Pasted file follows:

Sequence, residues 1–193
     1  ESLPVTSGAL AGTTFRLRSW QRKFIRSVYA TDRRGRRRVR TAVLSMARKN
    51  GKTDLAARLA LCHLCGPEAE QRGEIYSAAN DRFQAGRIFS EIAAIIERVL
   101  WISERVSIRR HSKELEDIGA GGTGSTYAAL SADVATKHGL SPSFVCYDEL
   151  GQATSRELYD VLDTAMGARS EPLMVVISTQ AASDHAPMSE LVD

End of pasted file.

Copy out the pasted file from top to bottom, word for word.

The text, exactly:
Sequence, residues 1–193
     1  ESLPVTSGAL AGTTFRLRSW QRKFIRSVYA TDRRGRRRVR TAVLSMARKN
    51  GKTDLAARLA LCHLCGPEAE QRGEIYSAAN DRFQAGRIFS EIAAIIERVL
   101  WISERVSIRR HSKELEDIGA GGTGSTYAAL SADVATKHGL SPSFVCYDEL
   151  GQATSRELYD VLDTAMGARS EPLMVVISTQ AASDHAPMSE LVD